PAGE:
I find this idea for a game quite odd, because I instinctively assume nobody is going to play it, which isn't very fair to the developer. I'm not sure if the graphics and structure will appeal to the average computer game player, although I already know that some fans of strategy games have both downloaded and played it. One thing that is certain is that there is no shortage of apocalyptically themed video and computer games out there, but they usually don't deal with actually solving the world's sustainability issues before it is too late. And they're usually a little more action-oriented. Nonetheless, I can imagine how awareness and, in a way, educating younger generations on problems with i.e. population growth and global warming can be helped through the computer game medium, but I'm not sure if this particular game will reach enough individuals. It wouldn't exactly be the first time an attempt at teaching through gaming would be made, although most previous examples I know of were directed at children in primary school... Regardless, it is an interesting idea, and possibly the cornerstone in a coming trend of game themes (for adults and teens)? It's an exciting thought!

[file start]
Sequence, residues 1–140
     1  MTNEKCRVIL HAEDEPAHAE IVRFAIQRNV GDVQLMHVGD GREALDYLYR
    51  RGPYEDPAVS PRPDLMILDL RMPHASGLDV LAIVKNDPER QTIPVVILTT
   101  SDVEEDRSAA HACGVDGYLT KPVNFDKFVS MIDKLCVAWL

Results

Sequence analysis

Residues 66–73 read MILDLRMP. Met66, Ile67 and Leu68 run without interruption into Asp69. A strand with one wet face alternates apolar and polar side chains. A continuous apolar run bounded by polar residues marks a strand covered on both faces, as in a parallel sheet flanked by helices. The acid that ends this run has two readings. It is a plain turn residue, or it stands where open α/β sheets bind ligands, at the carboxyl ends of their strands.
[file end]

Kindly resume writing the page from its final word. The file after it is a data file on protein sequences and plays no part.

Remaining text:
For those of you who want to try it out, it is available on Steam!

Regarding this blog/bonus points

In the course, we only have one seminar per week. That seminar represents your best opportunity to ask questions, to discuss issues and to make your voice heard - but 2 hours is not a lot of time. This blog represents an opportunity to take our "remaining" questions, comments and discussions on-line.